By The Numbers: Comparing The St. Louis Rams And New England Patriots Offenses


Oct 21, 2012; Foxboro, Massachusetts, USA; New England Patriots tight end Rob Gronkowski (87) is congratulated by tight end Aaron Hernandez (81) and wide receiver Wes Welker (83) after scoring a touchdown during the first quarter against the New York Jets at Gillette Stadium. Mandatory Credit: Greg M. Cooper-US PRESSWIRE

The countdown to London is officially below the four day mark, when the Rams will face-off against the New England Patriots at Wembley Stadium just months after the conclusion of the Olympic Games. The Rams are coming off of a tough loss at home to the Green Bay Packers, pushing them into a two game losing skid after falling short against the Miami Dolphins in Week 6. The New England Patriots are coming off of an overtime victory against the shockingly stout New York Jets, after a heartbreaking last-second loss at CenturyLink in Seattle just two weeks ago. Both teams will head into the bye week after Sunday’s game. However, one will ride in with the momentum of a win to get them through the long week, while the other will have plenty of time to ruminate on the loss.

So, who is likely to be the victor on Sunday? Well, while previews of the game will start rolling out later in the week, we can take a look at how the individual players and units have performed. Here are the numbers for the key units over the past three games (sorry Patriots fans, that does not include the Buffalo Bills game):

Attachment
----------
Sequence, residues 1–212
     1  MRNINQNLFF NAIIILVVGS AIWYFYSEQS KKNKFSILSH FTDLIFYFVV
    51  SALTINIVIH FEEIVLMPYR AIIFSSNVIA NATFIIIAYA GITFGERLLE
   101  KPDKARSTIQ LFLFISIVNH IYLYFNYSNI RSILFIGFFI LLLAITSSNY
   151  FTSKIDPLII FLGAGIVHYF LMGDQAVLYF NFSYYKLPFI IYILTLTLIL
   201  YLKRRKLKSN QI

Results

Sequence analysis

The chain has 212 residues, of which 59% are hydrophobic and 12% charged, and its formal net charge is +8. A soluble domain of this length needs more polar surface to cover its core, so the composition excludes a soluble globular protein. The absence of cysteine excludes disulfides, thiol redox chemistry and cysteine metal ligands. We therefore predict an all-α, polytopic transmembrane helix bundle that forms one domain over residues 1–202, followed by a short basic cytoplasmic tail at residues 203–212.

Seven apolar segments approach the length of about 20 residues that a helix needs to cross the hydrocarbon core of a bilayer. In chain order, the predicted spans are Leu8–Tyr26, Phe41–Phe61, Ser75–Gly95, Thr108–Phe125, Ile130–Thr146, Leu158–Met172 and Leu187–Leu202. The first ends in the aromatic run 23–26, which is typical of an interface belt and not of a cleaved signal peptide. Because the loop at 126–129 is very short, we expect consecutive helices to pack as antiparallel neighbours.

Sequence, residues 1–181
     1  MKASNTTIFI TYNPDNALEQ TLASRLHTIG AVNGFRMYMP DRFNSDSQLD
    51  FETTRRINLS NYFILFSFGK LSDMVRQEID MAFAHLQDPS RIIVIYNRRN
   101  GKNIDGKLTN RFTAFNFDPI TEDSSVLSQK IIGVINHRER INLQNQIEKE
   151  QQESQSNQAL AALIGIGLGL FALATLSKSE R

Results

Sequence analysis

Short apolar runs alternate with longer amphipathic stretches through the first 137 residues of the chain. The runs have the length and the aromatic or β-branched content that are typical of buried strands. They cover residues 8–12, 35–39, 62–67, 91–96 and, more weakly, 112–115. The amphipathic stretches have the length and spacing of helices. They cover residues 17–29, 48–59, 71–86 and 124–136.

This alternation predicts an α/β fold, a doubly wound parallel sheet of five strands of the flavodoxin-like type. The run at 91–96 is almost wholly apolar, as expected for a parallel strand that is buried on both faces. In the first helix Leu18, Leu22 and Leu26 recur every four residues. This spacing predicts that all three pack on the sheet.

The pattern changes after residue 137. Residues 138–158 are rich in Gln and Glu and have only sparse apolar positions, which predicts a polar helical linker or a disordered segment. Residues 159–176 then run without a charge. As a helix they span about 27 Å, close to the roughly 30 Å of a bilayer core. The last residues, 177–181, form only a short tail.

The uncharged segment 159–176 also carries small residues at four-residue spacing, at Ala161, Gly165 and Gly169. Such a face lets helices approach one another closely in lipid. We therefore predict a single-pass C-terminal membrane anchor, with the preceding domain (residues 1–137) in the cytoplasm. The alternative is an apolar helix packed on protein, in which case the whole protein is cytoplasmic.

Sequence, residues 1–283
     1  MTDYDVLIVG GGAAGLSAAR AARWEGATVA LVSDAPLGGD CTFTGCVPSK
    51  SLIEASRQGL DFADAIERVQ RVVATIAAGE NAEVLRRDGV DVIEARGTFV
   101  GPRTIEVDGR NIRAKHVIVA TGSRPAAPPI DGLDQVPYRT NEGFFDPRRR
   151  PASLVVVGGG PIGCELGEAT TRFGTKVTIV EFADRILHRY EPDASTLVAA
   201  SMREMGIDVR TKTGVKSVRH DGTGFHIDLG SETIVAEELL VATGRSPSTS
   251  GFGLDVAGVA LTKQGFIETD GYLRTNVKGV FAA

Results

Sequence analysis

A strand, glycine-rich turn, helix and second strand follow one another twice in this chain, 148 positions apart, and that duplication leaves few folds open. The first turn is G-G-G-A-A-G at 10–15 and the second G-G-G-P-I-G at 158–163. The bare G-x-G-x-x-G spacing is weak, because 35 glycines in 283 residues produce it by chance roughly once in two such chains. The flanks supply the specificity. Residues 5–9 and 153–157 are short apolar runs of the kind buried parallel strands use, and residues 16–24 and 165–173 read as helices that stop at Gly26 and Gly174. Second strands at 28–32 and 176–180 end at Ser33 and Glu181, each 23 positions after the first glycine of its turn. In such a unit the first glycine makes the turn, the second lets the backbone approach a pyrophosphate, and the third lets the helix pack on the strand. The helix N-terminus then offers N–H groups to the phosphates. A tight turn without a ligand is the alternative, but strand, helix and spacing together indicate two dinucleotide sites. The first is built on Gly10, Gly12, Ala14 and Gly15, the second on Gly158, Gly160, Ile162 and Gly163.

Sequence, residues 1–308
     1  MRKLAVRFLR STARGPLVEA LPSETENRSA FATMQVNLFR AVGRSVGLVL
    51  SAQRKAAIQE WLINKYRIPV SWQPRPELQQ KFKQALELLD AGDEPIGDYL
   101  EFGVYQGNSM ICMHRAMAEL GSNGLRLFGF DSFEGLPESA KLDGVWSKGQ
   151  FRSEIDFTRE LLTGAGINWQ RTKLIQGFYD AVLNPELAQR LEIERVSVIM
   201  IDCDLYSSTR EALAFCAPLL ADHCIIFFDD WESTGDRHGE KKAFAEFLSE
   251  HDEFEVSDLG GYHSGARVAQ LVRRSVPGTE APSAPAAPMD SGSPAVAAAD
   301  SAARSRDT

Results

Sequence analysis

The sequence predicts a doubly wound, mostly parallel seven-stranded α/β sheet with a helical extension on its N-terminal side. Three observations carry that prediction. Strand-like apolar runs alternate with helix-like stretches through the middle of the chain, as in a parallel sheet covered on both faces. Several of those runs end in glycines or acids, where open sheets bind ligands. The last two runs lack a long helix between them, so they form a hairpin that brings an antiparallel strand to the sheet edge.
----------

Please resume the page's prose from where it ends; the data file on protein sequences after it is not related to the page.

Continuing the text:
Sam Bradford: 54 for 94 passing (57.4%) for 711 yards, 3 TD, 2 INT, 81.1 QB Rating

Tom Brady: 85 for 131 passing (64.8%) for 877 yards, 5 TD, 2 INT, 93.0 QB Rating

Tom Brady and Sam Bradford run two different styles of offense in the NFL, and that shows up in the difference in throwing attempts. In only three games, Brady has throw the ball 37 more times than the St. Louis Rams, which is more passing attempts than Bradford averages per game (31.3). However, Brady has only thrown for 166 yards and 2 TDs more than Bradford with, essentially, an extra game, in terms of passing attempts, under his belt. Doing a little bit of math, if Bradford had thrown as many passes as Brady, assuming his accuracy and ability to score were the same, his stat line would look like this: 75 of 131 passing for 987 yards, 4 TD, 2 INT. Even with an attempt to equal the playing field, Brady is clearly the better quarterback this season. However, if you needed to look at the numbers to figure that out, then maybe football isn’t your sport…